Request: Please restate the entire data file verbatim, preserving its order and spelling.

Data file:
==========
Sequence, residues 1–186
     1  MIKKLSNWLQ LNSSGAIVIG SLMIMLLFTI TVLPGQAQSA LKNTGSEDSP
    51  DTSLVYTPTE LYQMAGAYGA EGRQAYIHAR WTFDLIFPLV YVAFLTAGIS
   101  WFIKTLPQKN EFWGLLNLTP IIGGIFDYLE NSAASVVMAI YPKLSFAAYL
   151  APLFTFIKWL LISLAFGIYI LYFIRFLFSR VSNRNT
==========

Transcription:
Sequence, residues 1–186
     1  MIKKLSNWLQ LNSSGAIVIG SLMIMLLFTI TVLPGQAQSA LKNTGSEDSP
    51  DTSLVYTPTE LYQMAGAYGA EGRQAYIHAR WTFDLIFPLV YVAFLTAGIS
   101  WFIKTLPQKN EFWGLLNLTP IIGGIFDYLE NSAASVVMAI YPKLSFAAYL
   151  APLFTFIKWL LISLAFGIYI LYFIRFLFSR VSNRNT